Histologic Analysis
Hematoxylin and Eosin Staining.
One set of paraffin-embedded tissue sections were deparaffinized and stained with hematoxylin and eosin (Surgpath; Leica Biosystems, Buffalo Grove, IL, USA). 
Immunohistochemical Analysis.
Tissue sections were collected, fixed in Davidson's solution, and paraffin embedded. Sections were stained using a polyclonal rabbit anti-ASO antibody (Isis Pharmaceuticals) for ASO uptake as previously described.35,36 
ViewRNA Assay (ISH).
MALAT1 expression was detected using the QuantiGene_ViewRNA tissue assay (Cat. #QVT0011; Affymetrix, Santa Clara, CA, USA) according to the manufacturer's instructions with optimal conditions as previously described.35 For the Rhodopsin expression mouse-specific rhodopsin probes were purchased from Affymetrix (Cat. #VX1-99999-01; accession #NM_145383). Briefly, rat tissues were fixed in Davidson's solution and embedded into paraffin. After deparaffinization, the tissue slides were boiled for 10 minutes followed by treatment with protease at 40°C for 20 minutes. The rhodopsin RNA probe was used at a 1:40 dilution and was incubated with sample at 40°C for 180 minutes. After washing, the rhodopsin RNA/probe complex was hybridized with preamplifier, amplifier, and AP-oligonucleotides at 40°C. After removal of free AP-oligonucleotide by washing in PBS, the slide was incubated with Fast Red substrate at 40°C for 30 minutes. The tissue images were acquired using an Aperio scanner (Leica Biosystems). 
RNA and qRT-PCR Analysis
Whole eyes or retinas were homogenized in a guanidine isothiocyanate solution (Life Technologies, Carlsbad, CA, USA) supplemented with 8% 2-mercaptoethanol (Sigma-Aldrich Corp., St. Louis, MO, USA). Total RNA was prepared according to the PureLink Total RNA Purification Kit (Life Technologies). The qRT-PCR analyses were done using a StepOne Real-Time PCR System (Life Technologies). All primer probe sets were synthesized at Integrated DNA Technologies (IDT) and are as follows: 
  •  
    Mouse MALAT1:
  •  
    Forward: 5′TGGGTTAGAGAAGGCGTGTACTG-3′;
  •  
    Reverse: 5′-TCAGCGGCAACTGGGAAA-3′; and
  •  
    Probe: 5′-Fam-CGTTGGCACGACACCTTCAGGGACT-Tamra-3′.
  •  
    Mouse Rhodopsin:
  •  
    Forward: 5′-CACTCCATGGCTACTTCGTCTTT-3′;
  •  
    Reverse: 5′-GGGCGATTTCACCTCCAA-3′; and
  •  
    Probe: 5′-Fam-CTGTAATCTCGAGGGCTTCTTTGCCACA-Tamra-3′.
  •  
    Mouse Cone-Rod Homeobox (CRX):
  •  
    Forward: 5′-TCTGAGTGGCCCCAATGTG-3′;
  •  
    Reverse: 5′- CCGCCGCTGCTTCCTA-3′; and
  •  
    Probe: 5′-Fam-TGCACCAGGCTGTCCCATACTCAAGTG-Tamra-3′.
  •  
    Rat Rhodopsin:
  •  
    Forward: 5′-AAGGAATGGGTTGGAGCCTCAGAT-3′;
  •  
    Reverse: 5′- CCCTTGTCCAACATGGCATGAAGA-3′; and
  •  
    Probe: 5′-Fam-AAAGGGTGCCAGGACCTGGAATGAAA-Tamra-3′.
  •  
    Rat Cone-Rod Homeobox (CRX):
  •  
    Forward: 5′-AGGCTCGTCCTGCGAAGAG-3′;
  •  
    Reverse: 5′- GAATCTGAGATGCCCAAAGGAT-3′; and
  •  
    Probe: 5′-Fam-CATCCCCGAGACCCTCTACAGATGTTTG-Tamra-3.′
Polymerase chain reaction results were normalized to total RNA measure by Quant-iT RiboGreen RNA Reagent (Life Technologies) for the MALAT1 data and to CRX for rhodopsin
Western Analysis
Mouse retinas were homogenized in 1 mL lysis buffer (RIPA) containing a 1:200 dilution of protease cocktail III (EMD Millipore, Billerica, MA, USA). Protein concentrations were determined using the Bio-Rad DC protein assay (Hercules, CA, USA), and 1 μg protein per sample was pooled and loaded onto a 10% tris-glycine SDS gel (Life Technologies). Blots were incubated with a 1:3000 dilution of anti-rhodopsin antibody (1D4, Cat. #SC57432; Santa Cruz, Santa Cruz, CA, USA) followed by a 1:8000 dilution of goat anti-mouse HRP conjugated secondary antibody (EMD Millipore Cat. #12-349), and then detected using ECL Plus Chemiluminescent reagents (GE Healthcare Life Sciences, Pittsburgh, PA, USA). Blots were than stripped with reblot reagent (Cat. #2502; Chemicon, Billerica, MA, USA) and incubated with a 1:1000 dilution of anti–complement factor B antibody (Cat. #A08825; Sigma-Aldrich Corp.).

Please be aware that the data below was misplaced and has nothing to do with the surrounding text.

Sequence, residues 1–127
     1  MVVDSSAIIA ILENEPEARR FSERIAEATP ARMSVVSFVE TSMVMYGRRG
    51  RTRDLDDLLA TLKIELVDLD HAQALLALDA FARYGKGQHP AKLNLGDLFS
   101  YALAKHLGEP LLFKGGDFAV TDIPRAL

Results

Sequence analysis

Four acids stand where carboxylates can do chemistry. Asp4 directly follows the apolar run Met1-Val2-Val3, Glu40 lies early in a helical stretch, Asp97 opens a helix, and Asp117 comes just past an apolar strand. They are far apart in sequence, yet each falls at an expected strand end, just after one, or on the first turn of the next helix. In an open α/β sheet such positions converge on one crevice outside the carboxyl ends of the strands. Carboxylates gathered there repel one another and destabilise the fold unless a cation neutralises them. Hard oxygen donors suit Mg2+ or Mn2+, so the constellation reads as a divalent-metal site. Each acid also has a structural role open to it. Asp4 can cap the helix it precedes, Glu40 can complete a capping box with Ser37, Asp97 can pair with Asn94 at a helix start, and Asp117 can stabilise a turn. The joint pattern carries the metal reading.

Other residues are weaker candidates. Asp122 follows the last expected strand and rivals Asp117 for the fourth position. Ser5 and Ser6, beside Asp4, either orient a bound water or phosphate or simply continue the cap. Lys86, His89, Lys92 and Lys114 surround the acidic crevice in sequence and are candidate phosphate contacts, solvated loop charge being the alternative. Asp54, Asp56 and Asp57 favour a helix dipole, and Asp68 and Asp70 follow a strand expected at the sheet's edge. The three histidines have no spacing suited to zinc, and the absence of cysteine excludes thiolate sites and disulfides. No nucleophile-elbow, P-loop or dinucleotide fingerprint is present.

Electroretinographic Analysis
Rats were dark-adapted overnight and then anesthetized with intramuscular injections of xylazine (13 mg/kg) and ketamine (87 mg/kg) in dim red light. 
Full-field scotopic ERGs were elicited with 10-msec flashes of white light, and responses from both eyes were recorded simultaneously by using a UTAS-E 3000 Visual Electrodiagnostic System (LKC Technologies, Gaithersburg, MD, USA) as described.22 The corneas of the rats were anesthetized with a drop of 0.5% proparacaine hydrochloride, and the pupils were dilated with 1% atropine and 2.5% phenylephrine hydrochloride. Small contact lenses with gold wire loops46 were placed on both corneas with a drop of 2.5% methylcellulose to maintain corneal hydration. A silver wire reference electrode was placed subcutaneously between the eyes, and a ground electrode was placed subcutaneously in the hind leg. To measure scotopic ERG responses, stimuli were presented at intensities from −4.6 to 2.4 log cd sec m−2 (see Figs. 4, 7 for specific intensities) at interstimulus intervals ranging from 5 seconds at lowest intensities to 60 seconds at the highest intensity. Responses were amplified at a gain of 4000, filtered between 0.3 to 500 Hz and digitized at a rate of 2000 Hz on two channels. Three responses were averaged at each intensity. To measure photopic responses, the rats were then exposed to a rod-desensitizing adapting light of 29 cd m−2 for 10 minutes before responses were recorded to stimuli (Figs. 4, 7; bottom panel, diamond symbols) presented at a rate of 2 Hz; 20 successive flashes were averaged.37 For quantitative comparison of differences in a-wave and b-wave response amplitudes between the two eyes of individual rats, the values from each stimulus intensity were averaged for each eye of a given animal.